I spent some time learning about the chipKit and was pleasantly surprised at how easy it was to get up and running. I assumed that “Arduino Compatible” was a marketing gimmick, and the only thing compatible was the shield pinout.
However it uses an IDE forked from the Arduino IDE, and uses many of the Arduino functions and libraries so that many Arduino projects can be recompiled for the 80MHz PIC32 with little or no changes to the source. You can also use Microchip’s MPLab too if you need a more powerful development environment.
The Basic I/O Shield is very convenient. What caught my eye was the four FET switches (20V, 3A) and 4-line OLED display. It also has an EEPROM, temperature sensor, I2C, and some switches and buttons. You can learn more about the board from Microchip, and there are some reviews of the board.
The Uno32 itself is also impressive. Besides running at 80MHz and 32 bits (versus 20MHz and 8 bits for the Arduino), it has 2 UARTs, SPI and I2C, way more memory, a RTC, and 42 I/O pins, including 12 analog inputs. Microchip has more details. There’s also a review. One gotcha I’ve seen so far is that the board is 3.3V and not 5V like the Arduino.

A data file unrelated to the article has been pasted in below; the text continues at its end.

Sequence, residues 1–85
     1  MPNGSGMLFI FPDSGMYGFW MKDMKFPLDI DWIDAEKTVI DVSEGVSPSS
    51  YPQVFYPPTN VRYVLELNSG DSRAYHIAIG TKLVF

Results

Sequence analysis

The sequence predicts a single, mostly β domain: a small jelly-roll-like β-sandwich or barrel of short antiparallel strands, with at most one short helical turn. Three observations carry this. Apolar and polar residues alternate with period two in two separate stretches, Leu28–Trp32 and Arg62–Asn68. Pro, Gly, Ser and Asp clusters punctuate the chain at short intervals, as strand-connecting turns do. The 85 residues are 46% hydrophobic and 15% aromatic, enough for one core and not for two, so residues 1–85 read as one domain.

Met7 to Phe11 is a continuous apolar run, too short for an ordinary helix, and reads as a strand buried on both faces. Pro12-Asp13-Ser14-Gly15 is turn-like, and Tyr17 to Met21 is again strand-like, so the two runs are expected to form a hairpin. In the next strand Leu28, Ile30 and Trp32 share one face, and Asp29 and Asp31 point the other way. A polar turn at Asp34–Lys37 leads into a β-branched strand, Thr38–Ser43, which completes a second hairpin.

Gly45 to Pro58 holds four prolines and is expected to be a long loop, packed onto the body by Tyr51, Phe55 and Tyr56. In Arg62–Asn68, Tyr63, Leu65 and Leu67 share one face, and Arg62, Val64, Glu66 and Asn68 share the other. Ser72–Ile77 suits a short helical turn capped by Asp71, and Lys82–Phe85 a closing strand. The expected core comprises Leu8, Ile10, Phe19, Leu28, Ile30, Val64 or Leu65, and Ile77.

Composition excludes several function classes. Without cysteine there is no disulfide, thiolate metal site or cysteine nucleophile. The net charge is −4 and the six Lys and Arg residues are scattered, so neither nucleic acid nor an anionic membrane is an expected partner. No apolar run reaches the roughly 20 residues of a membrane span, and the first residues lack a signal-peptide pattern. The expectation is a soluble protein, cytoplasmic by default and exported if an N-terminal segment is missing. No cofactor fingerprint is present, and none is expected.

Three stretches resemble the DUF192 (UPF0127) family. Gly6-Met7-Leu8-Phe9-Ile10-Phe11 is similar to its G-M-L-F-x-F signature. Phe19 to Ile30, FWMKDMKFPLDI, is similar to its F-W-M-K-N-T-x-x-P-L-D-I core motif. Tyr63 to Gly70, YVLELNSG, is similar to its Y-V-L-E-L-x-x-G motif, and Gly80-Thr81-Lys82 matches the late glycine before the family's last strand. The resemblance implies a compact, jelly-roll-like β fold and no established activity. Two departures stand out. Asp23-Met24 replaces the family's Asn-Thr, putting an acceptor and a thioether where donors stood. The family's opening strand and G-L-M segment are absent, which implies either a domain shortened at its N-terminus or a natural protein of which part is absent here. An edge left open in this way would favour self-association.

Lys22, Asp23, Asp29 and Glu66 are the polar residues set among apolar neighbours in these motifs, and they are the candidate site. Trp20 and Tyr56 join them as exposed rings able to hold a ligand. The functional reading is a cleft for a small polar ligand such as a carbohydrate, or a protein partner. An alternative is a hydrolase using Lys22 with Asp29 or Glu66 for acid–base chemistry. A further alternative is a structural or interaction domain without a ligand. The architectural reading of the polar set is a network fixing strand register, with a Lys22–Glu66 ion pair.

To get it running on my Windows 7 PC, I had to do the following:
- Download and install MPIDE from GitHub.
- My PC couldn’t detect the Uno32 board, so I installed the latest FTDI drivers.
- I downloaded the Basic I/O Shield libraries and unzipped them to My Documents/mpide/libraries.
That was it. It took just a few minutes to look at their samples and get something working.
There’s an active forum at http://www.chipkit.org/forum/ with links to additional libraries, and help/information.
I’ve only been using it for the morning, but I”m quite impressed with it so far. I’ll try porting my Arduino MIDI-CV Shield which will be a true test. But in the meantime I have an idea for another project that’s perfect for this board…